Well, this is unexpected good news.
The Daily Signal reports.
House Majority Leader Kevin McCarthy further separated himself from outgoing Speaker John Boehner Tuesday night, vowing to fight to the end for conservative policies if he takes the chamber’s top seat.
Fox News’ Sean Hannity pressed McCarthy hard on conservative frustration that accelerated Boehner’s demise, repeatedly pointing to the House’s failure to unravel Obamacare despite holding majorities in both chambers and its “power of the purse” authority.
“You voted 50 times to repeal Obamacare, but there’s a constitutional power you guys have that you don’t use, and it seems all Obama has to do is mention, ‘We’re going to shut down the government and blame Republicans,’” Hannity said.
McCarthy promised a different course should he clinch the speakership in October.
He committed to pursue the string of battles conservatives have waged against congressional Democrats and President Barack Obama, including defunding Obamacare, Planned Parenthood, and executive “amnesty” and stopping the Iran nuclear agreement.
He did not detail specifics but said he would lead the fight with a “strategy” and a greater inclusion of the conservative lawmakers who helped topple Boehner from the speakership.
“Every Republican should have a voice here, and that’s going to be the fundamental difference: I believe in the bottom-up strategy,” McCarthy said.
This is not the first report I heard about his outreach to the most conservative Republicans when he was majority leader. Even the so-called Freedom Caucus that forced the more liberal Boehner to resign seemed to be OK with the conservative credentials of Kevin McCarthy.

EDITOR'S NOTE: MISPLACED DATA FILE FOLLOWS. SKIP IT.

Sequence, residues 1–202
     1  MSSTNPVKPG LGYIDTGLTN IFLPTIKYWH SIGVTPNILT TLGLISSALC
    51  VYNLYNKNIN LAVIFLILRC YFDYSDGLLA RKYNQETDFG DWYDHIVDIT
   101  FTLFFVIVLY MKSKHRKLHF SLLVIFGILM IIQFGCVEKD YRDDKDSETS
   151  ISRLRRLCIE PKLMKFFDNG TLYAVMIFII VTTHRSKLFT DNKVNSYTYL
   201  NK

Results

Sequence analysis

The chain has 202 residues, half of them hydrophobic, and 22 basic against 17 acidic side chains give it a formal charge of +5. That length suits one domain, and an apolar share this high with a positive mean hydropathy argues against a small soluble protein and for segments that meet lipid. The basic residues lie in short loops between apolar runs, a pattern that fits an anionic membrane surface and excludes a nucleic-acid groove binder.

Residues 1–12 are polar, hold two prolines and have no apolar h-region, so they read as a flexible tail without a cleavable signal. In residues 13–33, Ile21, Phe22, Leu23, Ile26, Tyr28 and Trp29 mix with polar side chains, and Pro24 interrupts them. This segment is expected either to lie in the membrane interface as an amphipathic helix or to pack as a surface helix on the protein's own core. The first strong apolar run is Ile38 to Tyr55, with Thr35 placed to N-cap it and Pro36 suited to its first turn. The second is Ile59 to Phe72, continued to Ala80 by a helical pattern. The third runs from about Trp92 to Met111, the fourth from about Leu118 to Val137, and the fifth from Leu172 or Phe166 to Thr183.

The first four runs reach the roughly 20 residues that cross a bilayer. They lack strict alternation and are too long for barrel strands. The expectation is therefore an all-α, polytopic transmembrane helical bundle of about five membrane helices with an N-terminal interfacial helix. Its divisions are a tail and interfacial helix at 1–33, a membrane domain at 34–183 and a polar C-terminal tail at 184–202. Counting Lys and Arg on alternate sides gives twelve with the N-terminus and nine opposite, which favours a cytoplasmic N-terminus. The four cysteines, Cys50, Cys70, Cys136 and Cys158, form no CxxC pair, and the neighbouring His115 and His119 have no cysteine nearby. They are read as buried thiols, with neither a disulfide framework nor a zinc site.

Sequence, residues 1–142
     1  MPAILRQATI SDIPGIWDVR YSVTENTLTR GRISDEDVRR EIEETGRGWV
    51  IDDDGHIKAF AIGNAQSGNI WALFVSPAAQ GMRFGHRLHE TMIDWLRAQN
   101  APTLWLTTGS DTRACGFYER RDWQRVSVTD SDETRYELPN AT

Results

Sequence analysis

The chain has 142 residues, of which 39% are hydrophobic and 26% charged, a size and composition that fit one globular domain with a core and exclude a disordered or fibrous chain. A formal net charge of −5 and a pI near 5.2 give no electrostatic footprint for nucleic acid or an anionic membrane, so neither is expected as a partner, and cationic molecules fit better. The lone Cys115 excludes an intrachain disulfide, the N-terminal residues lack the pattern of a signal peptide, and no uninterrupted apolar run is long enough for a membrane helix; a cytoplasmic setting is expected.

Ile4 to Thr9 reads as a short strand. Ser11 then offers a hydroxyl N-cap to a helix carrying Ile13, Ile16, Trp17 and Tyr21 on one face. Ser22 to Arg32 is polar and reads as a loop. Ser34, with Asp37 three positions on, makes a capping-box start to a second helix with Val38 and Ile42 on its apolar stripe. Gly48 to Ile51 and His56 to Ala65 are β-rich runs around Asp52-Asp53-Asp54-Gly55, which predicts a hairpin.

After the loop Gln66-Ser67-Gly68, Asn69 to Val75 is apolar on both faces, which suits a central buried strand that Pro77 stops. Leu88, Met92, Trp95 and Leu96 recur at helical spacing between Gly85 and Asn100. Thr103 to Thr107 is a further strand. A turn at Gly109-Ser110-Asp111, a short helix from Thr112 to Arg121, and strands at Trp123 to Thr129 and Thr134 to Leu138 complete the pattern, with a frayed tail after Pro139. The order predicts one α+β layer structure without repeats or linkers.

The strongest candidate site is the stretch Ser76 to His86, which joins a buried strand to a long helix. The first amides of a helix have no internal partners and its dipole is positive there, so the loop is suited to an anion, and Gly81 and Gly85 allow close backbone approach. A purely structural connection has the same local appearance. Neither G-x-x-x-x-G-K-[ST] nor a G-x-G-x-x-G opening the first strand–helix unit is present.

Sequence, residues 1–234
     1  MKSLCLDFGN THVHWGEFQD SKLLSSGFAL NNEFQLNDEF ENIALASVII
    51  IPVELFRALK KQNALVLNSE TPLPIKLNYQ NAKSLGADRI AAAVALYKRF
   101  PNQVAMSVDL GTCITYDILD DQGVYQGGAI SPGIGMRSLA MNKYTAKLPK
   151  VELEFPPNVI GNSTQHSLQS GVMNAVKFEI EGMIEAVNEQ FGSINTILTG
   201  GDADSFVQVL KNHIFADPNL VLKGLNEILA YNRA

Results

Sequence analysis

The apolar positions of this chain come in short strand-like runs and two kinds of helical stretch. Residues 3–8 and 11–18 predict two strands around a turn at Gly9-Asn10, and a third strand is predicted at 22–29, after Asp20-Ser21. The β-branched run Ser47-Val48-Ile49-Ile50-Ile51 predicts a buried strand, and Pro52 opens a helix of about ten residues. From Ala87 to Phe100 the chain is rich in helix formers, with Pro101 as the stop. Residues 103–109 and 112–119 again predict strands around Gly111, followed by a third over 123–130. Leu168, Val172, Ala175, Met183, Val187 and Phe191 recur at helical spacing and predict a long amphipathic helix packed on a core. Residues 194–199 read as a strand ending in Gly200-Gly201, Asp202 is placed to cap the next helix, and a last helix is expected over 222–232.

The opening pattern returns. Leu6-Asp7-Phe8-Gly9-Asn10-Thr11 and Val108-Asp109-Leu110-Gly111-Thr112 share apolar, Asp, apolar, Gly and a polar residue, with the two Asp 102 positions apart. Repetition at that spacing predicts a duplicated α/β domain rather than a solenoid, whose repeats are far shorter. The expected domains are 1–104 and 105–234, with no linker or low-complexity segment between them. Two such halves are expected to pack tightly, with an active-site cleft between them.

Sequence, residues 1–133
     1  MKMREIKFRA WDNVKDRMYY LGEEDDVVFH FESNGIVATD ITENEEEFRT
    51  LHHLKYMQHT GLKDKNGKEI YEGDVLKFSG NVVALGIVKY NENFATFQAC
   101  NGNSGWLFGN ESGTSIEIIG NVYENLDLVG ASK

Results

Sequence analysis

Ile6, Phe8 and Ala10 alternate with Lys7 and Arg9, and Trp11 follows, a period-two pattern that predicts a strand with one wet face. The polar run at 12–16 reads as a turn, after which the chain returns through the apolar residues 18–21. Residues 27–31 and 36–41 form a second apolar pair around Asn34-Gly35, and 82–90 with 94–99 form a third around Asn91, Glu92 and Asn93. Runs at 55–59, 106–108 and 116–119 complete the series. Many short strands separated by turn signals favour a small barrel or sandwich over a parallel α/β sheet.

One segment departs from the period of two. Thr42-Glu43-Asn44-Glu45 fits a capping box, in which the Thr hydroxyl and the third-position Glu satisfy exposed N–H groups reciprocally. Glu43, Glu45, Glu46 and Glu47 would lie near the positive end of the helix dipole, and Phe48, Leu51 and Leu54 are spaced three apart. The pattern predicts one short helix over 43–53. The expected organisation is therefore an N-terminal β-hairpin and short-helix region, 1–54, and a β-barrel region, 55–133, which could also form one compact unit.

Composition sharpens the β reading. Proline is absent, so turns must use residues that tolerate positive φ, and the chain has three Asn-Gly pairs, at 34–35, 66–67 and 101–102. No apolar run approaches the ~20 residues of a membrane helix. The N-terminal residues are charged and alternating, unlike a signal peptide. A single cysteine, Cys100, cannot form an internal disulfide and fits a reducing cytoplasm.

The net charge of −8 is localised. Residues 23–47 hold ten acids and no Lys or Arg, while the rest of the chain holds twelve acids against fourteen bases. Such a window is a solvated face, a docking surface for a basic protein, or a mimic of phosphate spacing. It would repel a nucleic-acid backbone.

The ultra leftist New York Times has more in this article from June 2014, when they were writing about his role as majority leader:
When he was the leader of Republicans in the California State Assembly — an ideologically diverse group of lawmakers often choleric toward both Gov. Arnold Schwarzenegger and the Democrats who controlled the Legislature — Kevin Owen McCarthy was known as the guy who could help bring a bill across the finish line. Gently, almost as if no one could see it.
[…]Politically obsessed (Mr. McCarthy is known for lugging the 1,883-page Almanac of American Politics to read on his almost weekly flights back to California) and manically social (he cannot seem to eat dinner in Washington with fewer than eight guests), Mr. McCarthy is likely to be more focused on deal-making and elections than on pushing proscriptive policy from on high, as Mr. Cantor did.
[…]He keeps in close contact with other Republicans through phone calls, dinners and a strategically placed basketball hoop in his office that encourages drop-ins. “He understands how important family is,” said Representative Renee Ellmers, Republican of North Carolina. “If our spouses are coming to Washington, he wants you to know he has an open door for them, too.” He has the same policy for lawmakers who want to air a grievance, and has a good ear for knowing what their requirements are, reasonable or not, to get to yes on a bill.
So, he’s not primarily a policy guy or a news media guy, he’s a consensus builder. He seems to know how to talk to lots of people and get legislation passed. He seems to be very friendly with everyone, even Democrats. He’s had to work with Democrats a lot. And he comes from a modest background. The only question is whether he wants to pass what the conservative wing of the party wants. What the grassroots voters want. His statements on Hannity make me optimistic.